Quick Ref: Python Virtualenv use

Supposing you have a clean install of a Debian-based distro such as Debian 7 proper or Xubuntu 14.04, this notes will walk you through setting up a Python development environment where you can leverage the power of Virtualenv through Virtualenvwrapper.

Why virtualenv?

When you code in python you will quickly find out that different projects have different requirements for the python version you need to use and also the versions of libraries you need to use. Virtualenv will allow you to compartmentalize the requirements on a per project basis without making you install libraries and python versions globally or system-wide.

Ok, ok... Here are the goods...

You have your new shinny install of Debian which comes with a fairly recent version of python pre-installed (somewhere above 2.7.3). Now you need to install a package manager for python and the one I use is pip.

sudo apt-get install python-pip

Once you have pip installed, you will need to also install virtualenv, like so:

sudo pip install virtualenvwrapper

Virtualenvwrapper is a very nice layer on top of virtualenv that makes working with it much more intuitive and convenient.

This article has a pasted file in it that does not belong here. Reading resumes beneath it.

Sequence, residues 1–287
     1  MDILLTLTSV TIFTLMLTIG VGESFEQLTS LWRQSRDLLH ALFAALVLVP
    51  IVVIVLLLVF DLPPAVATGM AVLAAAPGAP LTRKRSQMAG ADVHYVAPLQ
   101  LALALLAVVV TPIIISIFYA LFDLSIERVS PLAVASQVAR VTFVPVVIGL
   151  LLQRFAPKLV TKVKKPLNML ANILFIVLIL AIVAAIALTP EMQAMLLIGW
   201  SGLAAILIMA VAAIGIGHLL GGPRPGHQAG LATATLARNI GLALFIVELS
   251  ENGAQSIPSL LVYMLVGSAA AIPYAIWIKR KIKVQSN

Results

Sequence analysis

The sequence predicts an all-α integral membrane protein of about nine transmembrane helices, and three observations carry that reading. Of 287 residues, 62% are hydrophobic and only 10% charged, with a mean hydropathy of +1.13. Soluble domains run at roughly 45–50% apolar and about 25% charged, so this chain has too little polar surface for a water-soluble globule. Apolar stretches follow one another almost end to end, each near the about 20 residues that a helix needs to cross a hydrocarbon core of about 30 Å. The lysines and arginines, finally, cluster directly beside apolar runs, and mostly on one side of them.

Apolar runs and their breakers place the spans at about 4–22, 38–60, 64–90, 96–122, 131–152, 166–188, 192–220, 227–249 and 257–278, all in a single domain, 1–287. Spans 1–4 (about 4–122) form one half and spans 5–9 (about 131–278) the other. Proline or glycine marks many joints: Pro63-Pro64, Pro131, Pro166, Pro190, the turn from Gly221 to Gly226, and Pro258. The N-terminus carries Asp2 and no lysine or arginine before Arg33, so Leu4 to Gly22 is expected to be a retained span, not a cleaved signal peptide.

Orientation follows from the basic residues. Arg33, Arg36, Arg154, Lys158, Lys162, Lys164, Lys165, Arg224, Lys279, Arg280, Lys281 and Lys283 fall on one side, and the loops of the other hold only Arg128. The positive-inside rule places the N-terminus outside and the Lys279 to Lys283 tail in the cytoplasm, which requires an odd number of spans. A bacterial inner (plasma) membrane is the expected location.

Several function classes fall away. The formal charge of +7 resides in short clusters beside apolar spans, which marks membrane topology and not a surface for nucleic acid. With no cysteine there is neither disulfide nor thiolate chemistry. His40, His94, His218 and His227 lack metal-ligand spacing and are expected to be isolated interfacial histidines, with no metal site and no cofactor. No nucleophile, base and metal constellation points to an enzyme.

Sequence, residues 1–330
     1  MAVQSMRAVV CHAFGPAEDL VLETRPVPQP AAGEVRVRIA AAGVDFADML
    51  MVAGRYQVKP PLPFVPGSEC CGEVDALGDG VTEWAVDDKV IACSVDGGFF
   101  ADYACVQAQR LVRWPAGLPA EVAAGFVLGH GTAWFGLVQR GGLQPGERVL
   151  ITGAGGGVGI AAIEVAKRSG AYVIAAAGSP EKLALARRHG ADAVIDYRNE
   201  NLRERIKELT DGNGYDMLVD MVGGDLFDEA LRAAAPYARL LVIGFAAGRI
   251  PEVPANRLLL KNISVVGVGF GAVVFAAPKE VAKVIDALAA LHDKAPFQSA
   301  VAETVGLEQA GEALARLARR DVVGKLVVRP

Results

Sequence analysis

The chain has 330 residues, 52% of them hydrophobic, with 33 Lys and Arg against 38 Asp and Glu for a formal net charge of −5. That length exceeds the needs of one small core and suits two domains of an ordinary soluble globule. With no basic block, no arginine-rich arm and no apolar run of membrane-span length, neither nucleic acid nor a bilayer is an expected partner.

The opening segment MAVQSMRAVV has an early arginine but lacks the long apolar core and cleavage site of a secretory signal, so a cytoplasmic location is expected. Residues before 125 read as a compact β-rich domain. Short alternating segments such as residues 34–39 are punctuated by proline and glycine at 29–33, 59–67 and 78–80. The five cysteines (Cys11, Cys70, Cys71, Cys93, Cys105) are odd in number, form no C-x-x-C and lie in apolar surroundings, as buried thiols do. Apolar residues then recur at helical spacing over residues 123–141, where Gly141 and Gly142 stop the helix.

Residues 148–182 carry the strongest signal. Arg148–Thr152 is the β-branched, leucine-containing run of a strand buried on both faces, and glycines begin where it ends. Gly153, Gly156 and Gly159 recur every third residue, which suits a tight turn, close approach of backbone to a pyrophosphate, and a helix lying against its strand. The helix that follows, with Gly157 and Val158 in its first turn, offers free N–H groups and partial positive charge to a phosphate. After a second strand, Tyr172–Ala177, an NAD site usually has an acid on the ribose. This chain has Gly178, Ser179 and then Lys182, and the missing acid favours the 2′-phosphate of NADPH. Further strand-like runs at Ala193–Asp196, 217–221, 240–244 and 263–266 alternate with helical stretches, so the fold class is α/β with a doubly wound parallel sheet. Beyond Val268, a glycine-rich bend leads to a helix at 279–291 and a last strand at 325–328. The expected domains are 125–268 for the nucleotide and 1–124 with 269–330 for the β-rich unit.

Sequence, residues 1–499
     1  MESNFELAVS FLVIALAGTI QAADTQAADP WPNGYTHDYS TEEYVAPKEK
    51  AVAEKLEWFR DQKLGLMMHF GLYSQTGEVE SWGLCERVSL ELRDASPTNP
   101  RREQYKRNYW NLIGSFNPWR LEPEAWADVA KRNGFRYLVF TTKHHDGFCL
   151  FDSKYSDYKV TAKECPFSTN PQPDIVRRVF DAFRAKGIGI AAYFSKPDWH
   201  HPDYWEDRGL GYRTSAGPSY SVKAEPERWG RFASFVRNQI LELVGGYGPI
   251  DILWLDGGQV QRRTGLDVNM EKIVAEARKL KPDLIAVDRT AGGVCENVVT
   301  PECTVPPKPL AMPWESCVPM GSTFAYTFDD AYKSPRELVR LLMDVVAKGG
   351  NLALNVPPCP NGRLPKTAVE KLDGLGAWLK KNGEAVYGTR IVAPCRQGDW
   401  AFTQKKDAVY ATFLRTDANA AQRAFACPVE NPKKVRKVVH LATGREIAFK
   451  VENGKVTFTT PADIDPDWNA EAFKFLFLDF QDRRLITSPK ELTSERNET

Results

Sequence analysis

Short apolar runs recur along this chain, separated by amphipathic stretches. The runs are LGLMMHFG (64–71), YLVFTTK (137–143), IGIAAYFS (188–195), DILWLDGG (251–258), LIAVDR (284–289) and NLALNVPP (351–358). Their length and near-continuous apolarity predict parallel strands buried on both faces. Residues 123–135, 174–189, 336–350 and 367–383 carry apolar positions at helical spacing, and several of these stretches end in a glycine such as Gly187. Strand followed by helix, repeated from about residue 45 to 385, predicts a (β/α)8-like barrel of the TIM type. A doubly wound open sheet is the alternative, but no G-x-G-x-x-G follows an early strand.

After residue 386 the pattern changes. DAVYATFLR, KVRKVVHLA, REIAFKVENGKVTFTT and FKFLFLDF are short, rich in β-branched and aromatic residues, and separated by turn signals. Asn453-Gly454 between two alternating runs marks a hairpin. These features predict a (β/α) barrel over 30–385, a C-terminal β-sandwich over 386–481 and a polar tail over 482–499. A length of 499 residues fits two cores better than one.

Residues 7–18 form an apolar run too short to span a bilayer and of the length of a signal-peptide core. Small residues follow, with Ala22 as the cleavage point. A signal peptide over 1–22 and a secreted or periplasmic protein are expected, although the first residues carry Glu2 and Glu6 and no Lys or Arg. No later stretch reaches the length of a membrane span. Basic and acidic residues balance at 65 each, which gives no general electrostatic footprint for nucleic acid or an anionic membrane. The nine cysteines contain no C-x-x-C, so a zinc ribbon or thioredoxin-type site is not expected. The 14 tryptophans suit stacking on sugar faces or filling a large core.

Next, you may want to automate a couple of things like I did. First, create a ~/.virtualenvs directory. This is where virtualenvwrapper will keep track of your environments. Then open you .bashrc file and add a few lines to it:

export WORKON_HOME=$HOME/.virtualenvs
if [ -f /usr/local/bin/virtualenvwrapper_lazy.sh ]; then
    . /usr/local/bin/virtualenvwrapper_lazy.sh

Now you are ready to start working, so open a new terminal, setup a virtual environment, and start cranking out some python code. Here's a quick reference for virtualenvwrapper:

Start new virtual environment?

mkvirtualenv [env-name]

Leave the current virtual environment?


List all available virtual environments?


lsvirtualenv -b

Enter an existing virtual environment?

workon [env-name]

List packages installed in current virtual environment?

pip freeze

Remove a virtual environment?

rmvirtualenv [env-name]

Start a virtual environment with specific python version?

mkvirtualenv [env-name] -p /usr/bin/python3.4

Replace [env-name] above with your actual environment name and enjoy!


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